Following two schemes are used :
1. Fast Retransmit
2. Fast Recovery
When a source sends a segment TCP sets a timer. If this value is set too low it will result in many unnecessary treransmissions. If set too high it results in wastage of banwidth and hence lower throughput. In Fast Retransmit scheme the timer value is set fairly higher than the RTT. The sender can therefore detect segment loss before the timer expires. This scheme presumes that the sender will get repeated ACK for a lost packet.
Round Trip Time (RTT): In Internet environment the segments may travel across different intermediate networks and through multiple routers. The networks and routers may have different delays, which may vary over time. The RTT therefore is also variable. It makes difficult to set timers. TCP allows varying timers by using an adaptive retransmission algorithm. It works as follows.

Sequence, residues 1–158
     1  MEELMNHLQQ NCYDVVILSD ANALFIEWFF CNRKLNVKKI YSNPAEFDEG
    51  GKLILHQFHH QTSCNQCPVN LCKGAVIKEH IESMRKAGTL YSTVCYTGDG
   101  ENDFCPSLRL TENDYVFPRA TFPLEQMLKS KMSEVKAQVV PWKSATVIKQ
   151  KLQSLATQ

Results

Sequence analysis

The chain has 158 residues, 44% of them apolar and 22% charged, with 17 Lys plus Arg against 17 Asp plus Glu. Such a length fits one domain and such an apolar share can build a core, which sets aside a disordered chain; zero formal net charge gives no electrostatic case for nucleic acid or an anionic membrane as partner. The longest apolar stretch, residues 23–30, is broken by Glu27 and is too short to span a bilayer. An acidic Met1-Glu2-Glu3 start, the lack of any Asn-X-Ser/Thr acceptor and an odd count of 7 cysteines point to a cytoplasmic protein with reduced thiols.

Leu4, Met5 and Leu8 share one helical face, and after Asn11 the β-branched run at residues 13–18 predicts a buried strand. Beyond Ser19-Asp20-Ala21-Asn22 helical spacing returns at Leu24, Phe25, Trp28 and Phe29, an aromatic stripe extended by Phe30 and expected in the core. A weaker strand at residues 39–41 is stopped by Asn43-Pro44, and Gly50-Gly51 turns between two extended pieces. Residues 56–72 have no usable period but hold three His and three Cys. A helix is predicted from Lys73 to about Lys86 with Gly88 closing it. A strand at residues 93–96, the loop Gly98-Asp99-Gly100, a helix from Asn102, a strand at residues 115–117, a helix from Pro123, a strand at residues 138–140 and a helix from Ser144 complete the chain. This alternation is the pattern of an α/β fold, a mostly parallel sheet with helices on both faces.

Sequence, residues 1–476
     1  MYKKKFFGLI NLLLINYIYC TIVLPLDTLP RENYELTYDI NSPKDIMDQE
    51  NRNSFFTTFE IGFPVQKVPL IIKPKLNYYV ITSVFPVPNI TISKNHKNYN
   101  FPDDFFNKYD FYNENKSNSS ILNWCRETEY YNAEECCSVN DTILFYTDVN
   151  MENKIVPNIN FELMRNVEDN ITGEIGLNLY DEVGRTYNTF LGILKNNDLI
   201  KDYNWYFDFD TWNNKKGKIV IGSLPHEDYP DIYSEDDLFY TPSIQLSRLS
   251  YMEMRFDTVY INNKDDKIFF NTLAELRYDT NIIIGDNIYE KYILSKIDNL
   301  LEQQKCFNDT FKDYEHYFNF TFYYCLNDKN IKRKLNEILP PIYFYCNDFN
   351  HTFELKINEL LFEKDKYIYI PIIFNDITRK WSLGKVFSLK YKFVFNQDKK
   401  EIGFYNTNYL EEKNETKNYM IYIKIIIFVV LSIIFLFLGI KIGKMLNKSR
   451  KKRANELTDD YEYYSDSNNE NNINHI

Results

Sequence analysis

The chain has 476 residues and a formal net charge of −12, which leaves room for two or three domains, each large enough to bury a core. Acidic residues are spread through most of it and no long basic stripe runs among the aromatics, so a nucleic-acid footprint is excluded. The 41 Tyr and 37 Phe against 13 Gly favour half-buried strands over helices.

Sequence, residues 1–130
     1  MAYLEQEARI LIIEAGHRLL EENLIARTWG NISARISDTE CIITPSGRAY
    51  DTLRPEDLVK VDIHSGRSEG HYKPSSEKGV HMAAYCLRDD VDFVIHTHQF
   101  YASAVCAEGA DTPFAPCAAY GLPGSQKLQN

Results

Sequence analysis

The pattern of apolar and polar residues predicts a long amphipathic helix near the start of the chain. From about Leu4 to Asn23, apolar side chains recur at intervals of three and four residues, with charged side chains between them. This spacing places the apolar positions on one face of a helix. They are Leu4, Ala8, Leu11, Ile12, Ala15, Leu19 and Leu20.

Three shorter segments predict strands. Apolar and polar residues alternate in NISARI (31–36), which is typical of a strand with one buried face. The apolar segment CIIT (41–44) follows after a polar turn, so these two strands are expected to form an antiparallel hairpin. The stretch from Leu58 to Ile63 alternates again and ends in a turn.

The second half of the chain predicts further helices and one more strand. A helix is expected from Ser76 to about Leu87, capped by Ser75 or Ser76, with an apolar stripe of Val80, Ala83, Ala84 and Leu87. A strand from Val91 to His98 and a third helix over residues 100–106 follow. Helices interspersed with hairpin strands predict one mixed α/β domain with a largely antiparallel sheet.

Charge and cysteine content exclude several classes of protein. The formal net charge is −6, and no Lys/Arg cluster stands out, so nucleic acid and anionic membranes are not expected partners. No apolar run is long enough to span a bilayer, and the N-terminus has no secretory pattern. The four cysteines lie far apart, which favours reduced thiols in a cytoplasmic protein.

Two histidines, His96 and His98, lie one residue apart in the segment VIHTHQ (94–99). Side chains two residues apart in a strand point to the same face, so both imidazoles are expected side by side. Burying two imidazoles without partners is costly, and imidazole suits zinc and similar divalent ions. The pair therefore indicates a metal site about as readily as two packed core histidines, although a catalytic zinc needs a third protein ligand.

1. Note the time (t1) when a segment is sent and the time (t2) when its ACK is received.
2. Compute RTT(sample) = (t 2 - t 1 )
3. Again Compute RTT(new) for next segment.
4. Compute Average RTT by weighted average of old and new values of RTT
5. RTT(est) = a *RTT(old) + (1-a) * RTT (new) where 0 < a < 1
A high value of 'a' makes the estimated RTT insensitive to changes that last for a short time and RTT relies on the history of the network. A low value makes it sensitive to current state of the network. A typical value of 'a' is 0.75
6. Compute Time Out = b * RTT(est) where b> 1 A low value of 'b' will ensure quick detection of a packet loss. Any small delay will however cause unnecessary retransmission. A typical value of 'b' is kept at .2